Is there a link between deficiency in vitamin D and dementia?

After all, if there’s a nutritional deficiency that’s impacted Mom or Dad’s life, you want to know about it—and take action.

In this article, we’ll look at vitamin D deficiency, dementia, and the importance of nutrition for your loved one’s health.

Let’s dive in…

A Recent Study on Vitamin D and Dementia

In October 2017, BMC Geriatrics released the results of some important research.  [Link to https://bmcgeriatr.biomedcentral.com/articles/10.1186/s12877-017-0622-1]

Involving a large number of research participants, this study collected the blood samples of over 500 Swedish nursing home residents.

Of the 545 participants, 55% of the residents had dementia.  

After collecting the blood samples, the study analyzed the vitamin D concentrations in the residents’ serums.

The result?

When discussing their findings, the scholars noted…

     “Vitamin D deficiency was common among nursing home residents and strongly associated with dementia.”

In other words, dementia residents had a statistically higher incidence of vitamin D deficiency than those who didn’t have dementia.

What This Study Means for Your Loved One

It’s important to understand the implications of this research for your loved one.

First things first, this research didn’t prove that having vitamin D deficiency causes dementia. Instead, it demonstrated an association—a link between the two.

However, just because there’s only a link doesn’t mean there isn’t a cause for concern. In fact, there is a possibility that vitamin D deficiency does cause dementia—as identifying a link is the first step to pinpointing a cause-effect relationship.

As the authors of the study pointed out…

     “Vitamin D deficiency was strongly associated with dementia, therefore there is need for future studies to clarify if there is a causal relationship between vitamin D deficiency and dementia.”

While we wait for further research to find a stronger tie between deficiency in vitamin D and dementia, here’s the bottom line for your loved one…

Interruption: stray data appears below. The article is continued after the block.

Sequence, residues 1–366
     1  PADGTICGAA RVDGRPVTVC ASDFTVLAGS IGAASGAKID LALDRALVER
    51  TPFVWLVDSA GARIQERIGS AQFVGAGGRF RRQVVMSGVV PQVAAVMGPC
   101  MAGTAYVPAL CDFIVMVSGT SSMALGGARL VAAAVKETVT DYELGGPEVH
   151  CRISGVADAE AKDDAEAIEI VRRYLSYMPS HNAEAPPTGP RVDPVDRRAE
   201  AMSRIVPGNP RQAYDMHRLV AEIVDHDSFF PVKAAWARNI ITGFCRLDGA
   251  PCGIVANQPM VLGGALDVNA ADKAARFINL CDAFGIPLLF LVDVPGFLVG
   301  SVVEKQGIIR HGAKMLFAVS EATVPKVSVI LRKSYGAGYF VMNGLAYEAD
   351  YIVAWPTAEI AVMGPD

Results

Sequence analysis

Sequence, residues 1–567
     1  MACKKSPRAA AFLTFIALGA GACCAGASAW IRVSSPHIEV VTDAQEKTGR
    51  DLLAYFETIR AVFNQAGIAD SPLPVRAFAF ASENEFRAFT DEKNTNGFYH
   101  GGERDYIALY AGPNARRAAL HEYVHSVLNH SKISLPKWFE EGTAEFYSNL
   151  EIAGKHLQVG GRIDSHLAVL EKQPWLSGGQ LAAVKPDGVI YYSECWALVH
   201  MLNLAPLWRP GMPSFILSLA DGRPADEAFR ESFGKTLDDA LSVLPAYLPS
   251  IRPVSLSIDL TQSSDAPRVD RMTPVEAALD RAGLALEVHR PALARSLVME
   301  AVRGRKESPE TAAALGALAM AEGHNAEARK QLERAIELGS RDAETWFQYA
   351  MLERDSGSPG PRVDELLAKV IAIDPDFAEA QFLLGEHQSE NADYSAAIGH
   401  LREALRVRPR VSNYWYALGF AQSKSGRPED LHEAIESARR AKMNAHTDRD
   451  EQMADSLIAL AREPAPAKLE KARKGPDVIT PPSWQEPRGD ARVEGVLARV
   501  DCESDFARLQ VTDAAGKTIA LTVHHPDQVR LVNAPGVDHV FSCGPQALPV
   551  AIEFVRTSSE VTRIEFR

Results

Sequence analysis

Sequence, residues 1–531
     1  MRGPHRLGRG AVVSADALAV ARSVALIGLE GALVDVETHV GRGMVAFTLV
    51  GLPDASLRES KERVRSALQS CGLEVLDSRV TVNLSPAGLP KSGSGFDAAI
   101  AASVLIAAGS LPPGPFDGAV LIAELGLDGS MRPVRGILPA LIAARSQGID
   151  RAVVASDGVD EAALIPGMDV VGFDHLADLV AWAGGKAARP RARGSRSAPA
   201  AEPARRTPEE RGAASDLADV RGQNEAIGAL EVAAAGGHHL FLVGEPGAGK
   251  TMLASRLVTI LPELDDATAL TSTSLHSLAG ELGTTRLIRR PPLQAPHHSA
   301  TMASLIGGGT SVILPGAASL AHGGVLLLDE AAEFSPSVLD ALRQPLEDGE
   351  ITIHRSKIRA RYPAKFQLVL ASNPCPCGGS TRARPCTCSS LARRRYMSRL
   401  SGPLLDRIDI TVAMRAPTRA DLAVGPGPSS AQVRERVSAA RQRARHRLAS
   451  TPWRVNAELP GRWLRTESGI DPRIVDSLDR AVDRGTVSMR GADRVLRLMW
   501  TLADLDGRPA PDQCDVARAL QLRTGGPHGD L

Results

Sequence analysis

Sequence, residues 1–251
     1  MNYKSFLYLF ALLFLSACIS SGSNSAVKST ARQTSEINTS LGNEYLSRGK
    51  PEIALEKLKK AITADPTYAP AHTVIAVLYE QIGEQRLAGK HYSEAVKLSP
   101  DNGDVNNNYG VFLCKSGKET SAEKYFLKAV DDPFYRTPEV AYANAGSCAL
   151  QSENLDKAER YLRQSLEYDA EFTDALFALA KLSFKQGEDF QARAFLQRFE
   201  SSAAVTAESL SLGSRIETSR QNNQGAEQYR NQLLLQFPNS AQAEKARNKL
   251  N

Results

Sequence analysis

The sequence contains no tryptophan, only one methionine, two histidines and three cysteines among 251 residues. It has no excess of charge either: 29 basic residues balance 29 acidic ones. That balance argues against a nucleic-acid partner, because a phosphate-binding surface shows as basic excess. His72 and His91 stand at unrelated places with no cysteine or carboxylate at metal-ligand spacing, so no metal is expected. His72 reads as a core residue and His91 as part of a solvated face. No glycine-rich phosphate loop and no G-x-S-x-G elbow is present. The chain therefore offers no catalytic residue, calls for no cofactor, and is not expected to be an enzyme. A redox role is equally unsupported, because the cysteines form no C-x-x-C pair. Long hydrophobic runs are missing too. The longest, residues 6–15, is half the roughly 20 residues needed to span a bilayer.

Supporting your loved one’s nutrition is essential.

But that’s especially hard when Mom or Dad has memory loss—as you’ll soon see.

Poor Nutrition—A Danger for Dementia Patients  

If your loved one has dementia, vitamin D deficiency isn’t the only danger to avoid.

The reality is, he or she experiences a real risk for poor nutrition. According to the National Council on Aging, a number of factors can cause malnutrition, including…   [Link to https://www.ncoa.org/wp-content/uploads/NCOA-Malnutrition-Infographic-0816_web.pdf]

  • Living alone.
  • A lack of mobility.
  • Dementia.

As the Alzheimer’s Association explains, those with dementia can “become overwhelmed with too many food choices, forget to eat or have difficulty with eating utensils.”  [Link to https://www.alz.org/help-support/caregiving/daily-care/food-eating]

In other words, dementia can place Mom or Dad’s well-being on the line.

If your loved one has dementia, be on the lookout for signs such as…

  • Weight loss.
  • An empty refrigerator.
  • Food that seems untouched.
  • Kitchen appliances that never seem used.

They could indicate that your parent isn’t getting the mealtime support he or she needs.

Carrot's Nutrition

Supporting Your Loved One’s Nutrition

Alzheimer’s and age-related dementias create unique nutritional challenges.

But, at The Grove, we’re doing something about it.  

To begin with, our communities strive to offer one brain-healthy dish for each meal we serve—whether that’s DHA-boosting salmon, vitamin B-filled lentil soup, or another option.  [Link to https://www.thegroveatoakleafvillage.com/why-the-grove/brain-healthy-menu]

What’s more, each ability-based neighborhood has an open kitchen.

These kitchens allow the aroma of foods to float through the air…triggering your loved one’s senses and supporting Mom or Dad’s desire to eat.

In our addition to our family-style meals, our community offers additional support such as a thoughtfully designed layout, engaging activities, and team members who’ve received dementia training.

You can see the difference we’ll make for Mom or Dad when you explore our community and join us for a complimentary meal.

If you or your loved one is near Toledo, Ohio, plan a time to visit us here.  [Link to https://www.thegroveatoakleafvillage.com/toledo/schedule-a-visit]

For those of you in Columbus, Ohio, we’ll soon be opening The Grove Columbus. Plan your visit in advance when you go here.   [Link to https://www.thegroveatoakleafvillage.com/columbus/schedule-a-visit]